Khamis, 5 Disember 2013

Electricity Price Hikes Benefit the Already Immensely Profitable TNB

 Media Statement by Dr. Ko Chung Sen, MP of Kampar on 4th, December, 2013
It is outrageous to the suffering Malaysians that the share price of TENAGA NASIONAL BHD (TNB) shot up by as much as 27% to RM12.60 yesterday after the announcement of the hike in electricity tariffs. In fact, the trading of the share was suspended pending the announcement. It closed at RM10.72. Up 8.39% from the day before.
When the government announced the electricity prices would be increased next year yesterday, they claimed it was done to rationalize the subsidy and to consolidate the precarious fiscal position of our country. The extra income was also meant to be used for investing in the infrastructure of our national grid.
However, a research report by TA Securities dated 3rd, Dec, 2013 showed that TNB can now expect the profit next year to be RM5.016billion, up from RM4.614billion projected profit this year. A jump by a massive RM402million.The profit included the fuel cost compensation of RM1.12billion this year.
If the increase in electricity tariff by 14.89% was meant to reduce the subsidy burden paid out by the government, this should be reflected in the budget deficit, not in the annual earning of TNB. Why should the profit of TNB benefit from both the fuel cost compensation from the government and the increase in tariff paid by the consumers? Indeed the Target Price for TNB had been revised upwards by a massive 34% to RM13.23, from the previous traded price of RM9.89 before the tariff hike as per the TA report.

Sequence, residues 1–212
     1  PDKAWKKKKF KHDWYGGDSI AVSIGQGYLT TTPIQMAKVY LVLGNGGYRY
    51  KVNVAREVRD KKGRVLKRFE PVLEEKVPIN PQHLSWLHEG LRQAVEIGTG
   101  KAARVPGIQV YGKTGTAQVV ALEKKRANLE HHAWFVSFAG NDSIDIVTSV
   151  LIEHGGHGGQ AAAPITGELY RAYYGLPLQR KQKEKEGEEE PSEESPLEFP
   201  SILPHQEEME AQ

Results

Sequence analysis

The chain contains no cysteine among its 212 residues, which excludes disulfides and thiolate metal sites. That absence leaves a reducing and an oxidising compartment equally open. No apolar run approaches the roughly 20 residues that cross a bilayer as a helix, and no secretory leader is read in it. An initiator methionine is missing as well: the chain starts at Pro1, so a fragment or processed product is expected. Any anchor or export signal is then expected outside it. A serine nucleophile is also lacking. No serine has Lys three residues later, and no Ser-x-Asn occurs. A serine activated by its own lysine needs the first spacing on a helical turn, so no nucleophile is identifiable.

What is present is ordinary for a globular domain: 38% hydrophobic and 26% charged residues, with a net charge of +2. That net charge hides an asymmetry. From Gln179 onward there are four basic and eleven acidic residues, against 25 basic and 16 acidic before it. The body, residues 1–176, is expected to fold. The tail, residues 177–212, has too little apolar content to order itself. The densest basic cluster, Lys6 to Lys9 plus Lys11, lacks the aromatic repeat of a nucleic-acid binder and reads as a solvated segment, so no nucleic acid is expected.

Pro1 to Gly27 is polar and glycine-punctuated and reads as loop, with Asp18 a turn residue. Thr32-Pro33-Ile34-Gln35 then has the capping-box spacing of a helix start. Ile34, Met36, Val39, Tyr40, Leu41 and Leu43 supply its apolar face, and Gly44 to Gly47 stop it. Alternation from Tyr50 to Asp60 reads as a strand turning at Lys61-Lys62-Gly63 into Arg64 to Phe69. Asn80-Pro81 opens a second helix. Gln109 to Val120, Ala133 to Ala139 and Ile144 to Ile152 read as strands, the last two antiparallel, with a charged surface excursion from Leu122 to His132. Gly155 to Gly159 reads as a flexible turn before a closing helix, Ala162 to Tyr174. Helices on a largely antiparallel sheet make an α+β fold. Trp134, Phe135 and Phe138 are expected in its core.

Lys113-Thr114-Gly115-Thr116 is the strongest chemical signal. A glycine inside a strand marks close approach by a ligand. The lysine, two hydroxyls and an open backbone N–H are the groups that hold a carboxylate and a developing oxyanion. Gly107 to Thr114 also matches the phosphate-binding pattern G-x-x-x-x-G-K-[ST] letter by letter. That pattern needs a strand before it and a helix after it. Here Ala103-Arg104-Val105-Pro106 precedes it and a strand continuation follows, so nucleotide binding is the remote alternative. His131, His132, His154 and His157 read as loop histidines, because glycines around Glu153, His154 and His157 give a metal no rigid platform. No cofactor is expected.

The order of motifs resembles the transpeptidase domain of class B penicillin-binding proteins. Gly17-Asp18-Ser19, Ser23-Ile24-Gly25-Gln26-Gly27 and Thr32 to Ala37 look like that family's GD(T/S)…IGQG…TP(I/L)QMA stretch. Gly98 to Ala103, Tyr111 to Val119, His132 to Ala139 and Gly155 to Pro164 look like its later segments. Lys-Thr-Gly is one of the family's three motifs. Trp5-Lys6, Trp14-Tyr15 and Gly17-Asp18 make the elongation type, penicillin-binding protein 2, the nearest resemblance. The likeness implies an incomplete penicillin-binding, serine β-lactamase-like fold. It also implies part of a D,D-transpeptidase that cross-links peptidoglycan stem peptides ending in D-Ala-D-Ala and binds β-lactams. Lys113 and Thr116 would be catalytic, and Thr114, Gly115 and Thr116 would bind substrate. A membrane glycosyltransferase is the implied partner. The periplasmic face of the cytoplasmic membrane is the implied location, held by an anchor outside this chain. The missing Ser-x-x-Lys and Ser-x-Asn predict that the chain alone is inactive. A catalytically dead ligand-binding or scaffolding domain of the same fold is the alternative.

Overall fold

In this year’s budget, the subsidy allocated for the LPG, diesel and petrol (Bekalan 11, 020500, page 200) was increased from RM20,015,000,000 in 2013 to RM22,341,000,000 in 2014. So the real beneficiaries from the latest so called “subsidy rationalization” exercise are still the Independent Power Producers (IPP) and TNB while the poor suffering people have to tighten their belts more than ever. If the IPP and TNB were set up to serve the people as originally intended, they should share the burdens by reducing rather than increasing their profits and awarding big bonuses to their directors.

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